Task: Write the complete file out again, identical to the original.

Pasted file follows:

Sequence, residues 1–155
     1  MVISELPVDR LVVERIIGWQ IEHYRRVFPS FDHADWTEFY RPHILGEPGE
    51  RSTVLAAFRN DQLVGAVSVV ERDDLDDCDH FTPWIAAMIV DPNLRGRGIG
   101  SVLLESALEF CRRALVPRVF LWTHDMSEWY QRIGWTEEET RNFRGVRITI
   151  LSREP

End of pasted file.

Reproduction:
Sequence, residues 1–155
     1  MVISELPVDR LVVERIIGWQ IEHYRRVFPS FDHADWTEFY RPHILGEPGE
    51  RSTVLAAFRN DQLVGAVSVV ERDDLDDCDH FTPWIAAMIV DPNLRGRGIG
   101  SVLLESALEF CRRALVPRVF LWTHDMSEWY QRIGWTEEET RNFRGVRITI
   151  LSREP